Jilly: Filling the Well

filling-the-wellWhat have you done to recharge your batteries/top up your creative well this week? I’ve spent most of the last three days with my nose in a book (well, pressed against a Kindle.) It’s been wonderful.

I had great plans to read and recharge over the holidays. That didn’t happen, because I used all my spare time to work on my Golden Heart entry. I wrote a new opening scene—it took multiple attempts before I finally found one I liked. I figured out an opening sentence that made promises about the story instead of just plunging into the action. I filled in plot holes. I checked the etymology of every significant word to make sure it was appropriate to my world. I tailored my metaphors. I wrote a new synopsis that reflected Alexis and Kierce’s relationship arc instead of wandering off into the mystery sub-plot. And then—yay!—this week, I uploaded the lot to the RWA website.

I have a lot of work left to do on this story, but I needed a breather so I decided to treat myself to the book binge I didn’t get in December.

I wanted a break from my own story but I didn’t want to immerse myself in modern language, so I decided to stay away from contemporary and futuristic romances. I chose swords-and-horses stories so that my mind would stay with the vocabulary, the clothing, the rhythm of a life before guns and electricity, without being so close to what I’m trying to write that I would be in danger of borrowing.

This week was the perfect time to read Lois McMaster Bujold’s Chalion fantasy books – The Curse of Chalion, Paladin of Souls, and The Hallowed Hunt. I hesitate to talk about LMB here, because we have diehard Bujold aficionadi like Michaeline and Scott who do the job so much better. Suffice it to say that I’d read and enjoyed the three recent Penric novellas (see here for more about Penric and the Shaman, and here for Penric’s Mission) and wanted to know more about the World of the Five Gods. I wasn’t disappointed. The world-building is dizzyingly good, and the writing is intelligent, restrained, clever, funny and sympathetic. I never know where LMB’s going next with the story, but I never feel cross about being in the dark; it always makes perfect sense when I get there. Each story builds inexorably toward a grand confrontation and a satisfying victory with enough romance to content my heart. I couldn’t write fanfic for these books, let alone borrow from them, but I can admire and be inspired by them.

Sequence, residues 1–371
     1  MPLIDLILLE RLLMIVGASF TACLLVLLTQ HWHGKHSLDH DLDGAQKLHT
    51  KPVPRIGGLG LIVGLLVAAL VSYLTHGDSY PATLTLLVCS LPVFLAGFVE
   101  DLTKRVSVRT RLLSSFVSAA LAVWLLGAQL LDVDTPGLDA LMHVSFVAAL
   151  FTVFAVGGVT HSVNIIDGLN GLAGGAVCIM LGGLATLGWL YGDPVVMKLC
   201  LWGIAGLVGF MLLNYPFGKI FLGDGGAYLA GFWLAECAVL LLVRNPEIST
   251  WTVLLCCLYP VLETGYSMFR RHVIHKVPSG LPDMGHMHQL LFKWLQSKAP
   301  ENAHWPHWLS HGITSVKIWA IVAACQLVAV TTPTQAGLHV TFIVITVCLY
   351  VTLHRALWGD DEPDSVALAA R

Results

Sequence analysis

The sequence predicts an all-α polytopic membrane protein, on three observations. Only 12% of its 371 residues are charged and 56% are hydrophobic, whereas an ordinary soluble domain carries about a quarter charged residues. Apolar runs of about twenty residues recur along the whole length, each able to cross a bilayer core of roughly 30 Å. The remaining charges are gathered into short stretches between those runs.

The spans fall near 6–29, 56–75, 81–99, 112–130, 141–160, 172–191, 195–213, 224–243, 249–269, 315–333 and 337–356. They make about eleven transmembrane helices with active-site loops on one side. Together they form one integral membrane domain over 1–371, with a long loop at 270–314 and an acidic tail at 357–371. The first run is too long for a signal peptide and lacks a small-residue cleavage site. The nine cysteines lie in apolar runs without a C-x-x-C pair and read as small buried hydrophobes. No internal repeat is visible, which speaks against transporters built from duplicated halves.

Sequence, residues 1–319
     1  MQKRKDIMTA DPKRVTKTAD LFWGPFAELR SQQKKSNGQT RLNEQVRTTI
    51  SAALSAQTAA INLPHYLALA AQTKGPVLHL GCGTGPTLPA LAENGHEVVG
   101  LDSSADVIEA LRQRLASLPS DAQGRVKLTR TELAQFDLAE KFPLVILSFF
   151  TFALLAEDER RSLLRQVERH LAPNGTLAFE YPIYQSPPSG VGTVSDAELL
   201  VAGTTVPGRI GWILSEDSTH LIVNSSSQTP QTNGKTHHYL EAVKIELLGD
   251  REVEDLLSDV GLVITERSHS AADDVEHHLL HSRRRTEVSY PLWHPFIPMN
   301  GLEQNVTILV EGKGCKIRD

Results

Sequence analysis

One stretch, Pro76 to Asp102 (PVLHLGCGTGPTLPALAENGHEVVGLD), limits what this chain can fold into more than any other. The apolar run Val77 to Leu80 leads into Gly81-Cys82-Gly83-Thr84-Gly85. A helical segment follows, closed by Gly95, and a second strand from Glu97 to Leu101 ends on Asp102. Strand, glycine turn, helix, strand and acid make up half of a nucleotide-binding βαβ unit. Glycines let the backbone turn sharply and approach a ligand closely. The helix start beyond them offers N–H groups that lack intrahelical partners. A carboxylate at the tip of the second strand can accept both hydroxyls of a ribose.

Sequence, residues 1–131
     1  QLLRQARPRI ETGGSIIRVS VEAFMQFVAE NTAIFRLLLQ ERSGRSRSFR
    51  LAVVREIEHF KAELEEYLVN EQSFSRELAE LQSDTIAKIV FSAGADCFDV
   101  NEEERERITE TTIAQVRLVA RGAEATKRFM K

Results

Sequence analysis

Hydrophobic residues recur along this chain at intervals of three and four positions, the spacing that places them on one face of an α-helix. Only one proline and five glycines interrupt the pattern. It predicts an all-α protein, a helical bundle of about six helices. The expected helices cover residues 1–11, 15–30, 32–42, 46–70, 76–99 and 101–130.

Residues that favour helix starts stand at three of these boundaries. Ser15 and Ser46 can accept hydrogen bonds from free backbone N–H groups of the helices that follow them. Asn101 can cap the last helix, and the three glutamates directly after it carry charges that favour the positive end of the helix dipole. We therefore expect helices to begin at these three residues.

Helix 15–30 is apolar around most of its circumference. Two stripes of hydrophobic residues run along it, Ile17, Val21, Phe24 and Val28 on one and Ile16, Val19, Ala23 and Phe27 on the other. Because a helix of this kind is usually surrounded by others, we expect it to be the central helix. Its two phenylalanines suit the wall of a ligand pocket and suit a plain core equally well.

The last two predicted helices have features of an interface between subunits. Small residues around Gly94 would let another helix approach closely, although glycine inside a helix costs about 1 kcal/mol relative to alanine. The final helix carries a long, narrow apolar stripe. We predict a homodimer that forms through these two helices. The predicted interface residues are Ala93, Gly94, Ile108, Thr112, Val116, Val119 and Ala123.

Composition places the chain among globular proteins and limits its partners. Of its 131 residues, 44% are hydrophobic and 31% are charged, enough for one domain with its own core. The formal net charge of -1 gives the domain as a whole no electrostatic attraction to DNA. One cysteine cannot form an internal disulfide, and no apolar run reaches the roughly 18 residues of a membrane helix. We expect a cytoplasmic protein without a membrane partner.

I wanted some romantic fantasy in my readathon, so I mixed up the Bujold with a Grace Draven. I love all her books, especially Radiance. My only complaint is that I wish she’d hurry up and write more 😉 . This week I re-read Master of Crows. Grace Draven’s writing is lyrical and I love the emotional power she brings to her stories. I also love her heroines, who are understated, subtle, smart, strong and brave. Her world of gods and mages is brilliantly drawn, easy to visualize, and never jarring to read. Her words slip into my brain like babel fish. I’d love to be able to do that.

I also read and enjoyed a long short story/short novella by Stephanie Burgis called The Art of Deception, after I read a post about it on Ilona Andrews’ blog (see here for original post). Ilona described it as almost Princess Bride-ish and I can’t do better than that. And a quick aside to Jennifer O’Brien—Jennifer, if you’re reading this post, I think The Art of Deception would be right up your street.